When Radim Vrbata left Phoenix for Tampa Bay in 2008, he flopped terribly and left the NHL. It led some to believe he couldn’t produce outside of Arizona. Now a Vancouver Canuck, Vrbata is proving he’s more than a one-team wonder.
To really understand what makes Radim Vrbata’s success this season so impeccable is to go all the way back to 2008, when a 27-year-old Vrbata was one of the lesser known yet still cherished free agents.
Coming off a career high 27 goals and 29 assists for 56 points, Vrbata embodied the spirit of a player hitting his prime. He was rewarded for his play on July 1, 2008, when the Tampa Bay Lightning signed him to a three-year, $9 million contract. What should have been the next great chapter of his career turned into a nightmare scenario, which saw him out of Tampa Bay and back in the desert in 2009.
Vrbata played only 18 games in Tampa, scoring three times and registering six points, far off the pace expected of a player coming off of career highs. Just one week into December, Vrbata went to ownership and requested that he be able to return back to his native Czech Republic for personal reasons.
Then-Lightning owner Oren Koules assured media it was a mutual agreement, as did Tampa’s GM at the time, Brian Lawton. Vrbata returned to the Czech Republic and played out the remainder of the season. The following year it would be revealed that Vrbata returned due to complications in his wife’s pregnancy.
When 2009 rolled around and Vrbata prepared to return to the NHL, Lawton told the Czech winger that his services were no longer needed and that, when he returned, there would be no place for him in the lineup. Just one season after signing his first major deal, Vrbata had no home in the NHL.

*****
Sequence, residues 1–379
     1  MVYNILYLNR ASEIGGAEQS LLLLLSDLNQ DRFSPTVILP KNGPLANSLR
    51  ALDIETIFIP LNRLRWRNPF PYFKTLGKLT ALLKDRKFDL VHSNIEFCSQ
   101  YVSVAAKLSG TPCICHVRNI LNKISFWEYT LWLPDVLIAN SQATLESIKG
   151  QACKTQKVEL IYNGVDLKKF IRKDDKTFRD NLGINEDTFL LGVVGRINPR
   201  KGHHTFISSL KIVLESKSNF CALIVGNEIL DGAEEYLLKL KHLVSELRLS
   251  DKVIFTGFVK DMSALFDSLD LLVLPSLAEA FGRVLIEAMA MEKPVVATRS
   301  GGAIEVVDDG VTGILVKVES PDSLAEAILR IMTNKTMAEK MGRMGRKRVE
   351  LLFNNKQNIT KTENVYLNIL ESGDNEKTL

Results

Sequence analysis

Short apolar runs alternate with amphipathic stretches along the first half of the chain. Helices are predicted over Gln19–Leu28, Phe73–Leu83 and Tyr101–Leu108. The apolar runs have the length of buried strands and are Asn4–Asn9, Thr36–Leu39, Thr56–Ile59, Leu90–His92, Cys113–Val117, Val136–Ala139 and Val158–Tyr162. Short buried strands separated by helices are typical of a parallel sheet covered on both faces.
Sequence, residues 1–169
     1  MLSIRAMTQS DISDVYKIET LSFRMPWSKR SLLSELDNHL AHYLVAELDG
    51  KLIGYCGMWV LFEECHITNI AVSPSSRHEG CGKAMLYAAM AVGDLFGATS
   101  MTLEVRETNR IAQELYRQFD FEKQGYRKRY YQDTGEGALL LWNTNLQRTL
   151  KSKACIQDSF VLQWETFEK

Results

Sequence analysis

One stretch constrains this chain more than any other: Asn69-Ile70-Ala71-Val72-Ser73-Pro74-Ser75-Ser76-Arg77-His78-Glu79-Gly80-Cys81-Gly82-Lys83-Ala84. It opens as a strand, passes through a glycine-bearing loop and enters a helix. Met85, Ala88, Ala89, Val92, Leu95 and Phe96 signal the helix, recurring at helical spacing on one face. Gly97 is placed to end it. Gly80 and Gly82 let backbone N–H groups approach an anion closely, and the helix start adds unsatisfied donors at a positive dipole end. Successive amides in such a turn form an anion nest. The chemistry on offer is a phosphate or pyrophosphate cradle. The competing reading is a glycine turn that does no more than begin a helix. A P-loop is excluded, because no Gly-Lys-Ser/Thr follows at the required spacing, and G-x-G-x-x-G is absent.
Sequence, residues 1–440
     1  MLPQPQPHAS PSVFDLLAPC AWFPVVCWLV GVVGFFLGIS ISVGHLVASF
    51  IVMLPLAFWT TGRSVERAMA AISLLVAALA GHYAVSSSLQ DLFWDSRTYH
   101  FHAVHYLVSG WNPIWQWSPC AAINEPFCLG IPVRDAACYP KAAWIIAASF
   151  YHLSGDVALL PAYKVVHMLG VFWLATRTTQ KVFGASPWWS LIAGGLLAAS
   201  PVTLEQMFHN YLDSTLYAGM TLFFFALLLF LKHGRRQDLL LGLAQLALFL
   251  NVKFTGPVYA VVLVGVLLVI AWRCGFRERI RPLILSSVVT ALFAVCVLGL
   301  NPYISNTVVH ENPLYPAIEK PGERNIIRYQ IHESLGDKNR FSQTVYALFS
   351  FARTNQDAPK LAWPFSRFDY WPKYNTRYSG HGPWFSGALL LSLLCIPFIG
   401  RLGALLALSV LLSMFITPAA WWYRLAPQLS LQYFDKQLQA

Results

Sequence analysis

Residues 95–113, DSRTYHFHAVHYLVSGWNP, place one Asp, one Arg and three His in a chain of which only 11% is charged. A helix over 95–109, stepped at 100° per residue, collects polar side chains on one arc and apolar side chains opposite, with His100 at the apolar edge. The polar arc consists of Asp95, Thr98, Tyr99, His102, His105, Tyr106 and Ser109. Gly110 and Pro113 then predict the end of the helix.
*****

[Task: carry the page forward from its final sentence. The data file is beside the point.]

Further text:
Vrbata’s agent, Rich Evans, was given permission by Lawton to seek a deal for the forward. Evans did his part and set up a homecoming of sorts – Vrbata headed back to Phoenix.
Over the course of the next five years, Vrbata became arguably the go-to guy on the Coyotes. He followed his six-points-in-18-games performace in Tampa with 43 over the course of a full season with the Coyotes in 2009-10. Vrbata was back, and his best was yet to come.
In 2011-12, Vrbata had the season that put him on the map. In 77 games, at 30 years old, Vrbata posted new career highs with 35 goals and 62 points. In the lockout season of 2012-13, he scored 12 goals in 34 games, and set a career high last season with 31 assists. Which brings us to today.
Vrbata, who had never been prolific outside of Phoenix, became a free agent at the end of 2013-14 and signed with the Vancouver Canucks. At two years and $10 million, it was the most lucrative deal of his career – and he signed it as a 33-year-old. There was little certainty about where he would play in the Canucks lineup and, for some, the thought was that no matter where he played he could never produce like his desert days.
Well, after 19 games in Vancouver, Vrbata is on pace to smash his career high for goals. With 10 already, the winger has found an incredible fit alongside the Sedin twins and there’s absolutely no reason to believe his scoring will slow anytime soon. Take his shooting percentage as evidence.
Over the course of his career, Vrbata’s on-ice shooting percentage has generally sat between 7 to 8 percent. Currently sitting at 7.81 percent, it’s not high enough to warrant a massive slide, which makes his current point pace more than sustainable. And though his individual shooting percentage is rather high – as of Monday he sits at 15.4 percent at 5-on-5 and 15.6 in all situations – even a nominal decrease shouldn’t hurt his production too much when you take into consideration his current lack of assists. The reason for the shooting percentage increase could be due to experiencing somewhat of a “Sedin bump,” if you will.
Even if Vrabta’s shooting percentage regresses by half, it’ll be higher than his 2011-12 total, the season in which he potted 35. On top of that, he’s on pace to take more shots – albeit by one – at 5-on-5 than the 163 he took that season. And on the power play, he’s on pace to destroy his 44 shots in 2011-12 by nearly 40. All this adds up to a more productive, more fearsome Vrbata.
After six seasons in Glendale, there was reason to believe the newly minted $5 million man couldn’t produce outside of the desert, and his stint in Tampa Bay was all the proof some needed. But Vrbata is out to prove that he’s no desert mirage. If he keeps this up, he’ll show everyone he’s the real deal.